“The Grove” aims to tie up loose ends from the first half of season 4 and flesh out the remaining undeveloped characters. When we last left Tyrese, Mika, Lizzie, Li’l Asskicker, and Carol, they’d joined up and set off in search of Terminus. Upon discovery of an abandoned house in the woods not far from the train tracks, they decide to set a while and rest. There are three graves in the backyard, presumably of the children of the family who once lived there, but the whole world is a grave now, so they aren’t about to let that taint a good thing. The pantry is full, the stove still works, there’s a pecan orchard in the yard and fresh water out back, and the property is surrounded by wildflowers. Everything’s so lovely Tyrese and Carol decide to stick around. Terminus isn’t going anywhere, and they can always leave. But for now the safety and solitude could work. If nothing else, Mika could use some more lessons in toughening up and Lizzie could benefit from some stability and security.
I suspect this is going to be one of those polarizing reviews, so buckle up kiddos, it’s going to be a bumpy ride.
But, to paraphrase Beth and Carol, good people can’t survive a world as dark as this. Lizzie ramps up the craziness, and Mika hints that her psychosis has been around a lot longer than the apocalypse. Mika wants to help her sister, Lizzie wants to help the zombies, and it all results in Lizzie stabbing her sister to death while Carol and Tyrese are off having an emotional moment in the woods. Carol puts Mika and Lizzie out of their misery while Tyrese cowers in the house with Judith. That night, Carol comes clean to Tyrese about Karen and David, and Tyrese, newly full of the knowledge that sometimes shitty things happen and there’s naught to be done about it, forgives her. The next day the trio head off in search of Terminus.
Just when I think The Walking Dead can’t get any worse, they throw up an episode of kids killing kids. I’ve had it with Lizzie’s incessant insistence that zombies are her friends, so her death wasn’t all that tragic for me. And Mika, for all her sweetness, was a pile of blonde beigeness. She was about as well-developed as Sophia, in that they both had absolutely no personality beyond “nice” and that trait caused both their deaths. But Lizzie does pose an interesting question. Before, she might have gotten treatment or been institutionalized, but now? Is killing Lizzie really the best thing for her, the best thing for the group, both, or neither? What do you do with a child who is clearly a threat to others and herself? An adult is easy enough to kill or otherwise remove, but a child? Do you kill her? Abandon her? Tie her up and take her with you? Is she suffering from something that can be managed or is she only going to get worse? Does it even matter in the zombie apocalypse?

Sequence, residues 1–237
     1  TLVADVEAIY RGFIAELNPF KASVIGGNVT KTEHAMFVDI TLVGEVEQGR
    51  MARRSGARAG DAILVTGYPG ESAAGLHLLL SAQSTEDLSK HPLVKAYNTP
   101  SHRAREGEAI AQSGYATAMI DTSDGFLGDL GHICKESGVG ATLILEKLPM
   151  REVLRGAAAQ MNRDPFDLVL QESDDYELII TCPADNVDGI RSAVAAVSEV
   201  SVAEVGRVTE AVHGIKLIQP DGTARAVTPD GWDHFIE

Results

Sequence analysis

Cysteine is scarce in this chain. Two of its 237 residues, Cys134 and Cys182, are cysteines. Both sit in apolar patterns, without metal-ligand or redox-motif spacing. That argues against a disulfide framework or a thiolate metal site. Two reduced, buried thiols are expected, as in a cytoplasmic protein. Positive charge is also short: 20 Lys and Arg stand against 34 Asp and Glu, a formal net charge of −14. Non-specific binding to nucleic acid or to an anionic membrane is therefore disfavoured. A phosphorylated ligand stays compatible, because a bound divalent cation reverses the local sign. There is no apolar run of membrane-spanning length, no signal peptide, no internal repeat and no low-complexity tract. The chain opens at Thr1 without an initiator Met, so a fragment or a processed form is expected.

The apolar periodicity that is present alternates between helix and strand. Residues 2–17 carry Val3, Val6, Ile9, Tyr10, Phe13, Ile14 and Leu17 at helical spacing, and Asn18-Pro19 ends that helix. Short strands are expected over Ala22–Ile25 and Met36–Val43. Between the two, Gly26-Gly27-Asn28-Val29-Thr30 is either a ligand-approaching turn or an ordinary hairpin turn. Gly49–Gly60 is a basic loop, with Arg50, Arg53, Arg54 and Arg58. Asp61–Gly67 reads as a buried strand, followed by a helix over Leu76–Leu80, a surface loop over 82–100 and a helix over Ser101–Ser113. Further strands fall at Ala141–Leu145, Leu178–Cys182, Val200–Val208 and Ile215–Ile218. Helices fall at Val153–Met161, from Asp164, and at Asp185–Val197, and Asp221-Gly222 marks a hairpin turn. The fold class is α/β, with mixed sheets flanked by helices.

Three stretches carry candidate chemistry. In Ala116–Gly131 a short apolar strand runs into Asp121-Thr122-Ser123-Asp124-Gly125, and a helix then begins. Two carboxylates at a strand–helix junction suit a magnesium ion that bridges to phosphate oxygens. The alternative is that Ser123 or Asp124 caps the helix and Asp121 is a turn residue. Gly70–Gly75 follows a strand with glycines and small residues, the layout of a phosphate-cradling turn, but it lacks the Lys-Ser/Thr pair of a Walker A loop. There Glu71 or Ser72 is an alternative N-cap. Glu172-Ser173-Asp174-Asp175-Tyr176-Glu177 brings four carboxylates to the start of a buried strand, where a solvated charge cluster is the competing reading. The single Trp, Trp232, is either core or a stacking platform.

The show did a fine job of resolving old plotlines. And by “fine” I mean sufficient. Yes, Lizzie’s instability has been mentioned before, but it was written and played like she was just an odd, creepy kid who wasn’t coping well. If she was supposed to be mentally ill this whole time, I missed it completely. (Then again, television has never been very good at portraying mental illness, so.) I hate to be the person piling on kids, but the actors playing Lizzie and Mika also weren’t up to the tasks the script was requiring of them, mostly because the writers were giving them material above and beyond what most child actor could reasonably handle.
In order for Lizzie’s insanity to work, there needed to be a lot more of it. She was a relatively normal kid a lot more than she was crazy, which made her shifts seem forced. We also needed to care about her or Mika, and their existence made less than no effect on me. Frankly, I was kinda hoping they Chuck Cunningham-ed them. We barely knew anything about them as people, and “The Grove” hardly bothered to rectify that before axing them.
Carol killing Lizzie gives her the perfect opportunity to come clean about Karen and David—something that needed to happen before they got to Terminus, where it would get subsumed by more important and urgent plots. It’s all tied up into such a neat little bow that it actually kinda pisses me off. All of which makes Mika’s murder and Lizzie’s execution shocking stuff, but shocking for the wrong reasons. It should be horrifying and heartbreaking, but instead it’s shock and gore for shock and gore’s sake. It’s the writers getting giddy about how far they can push the envelope and make the audience squirm, which takes all the heart right out of it. It reduces what should be a tragedy into a violent plot device. Even Daryl and Beth’s fire gets consumed by their storyline, which takes away from the importance it had to them.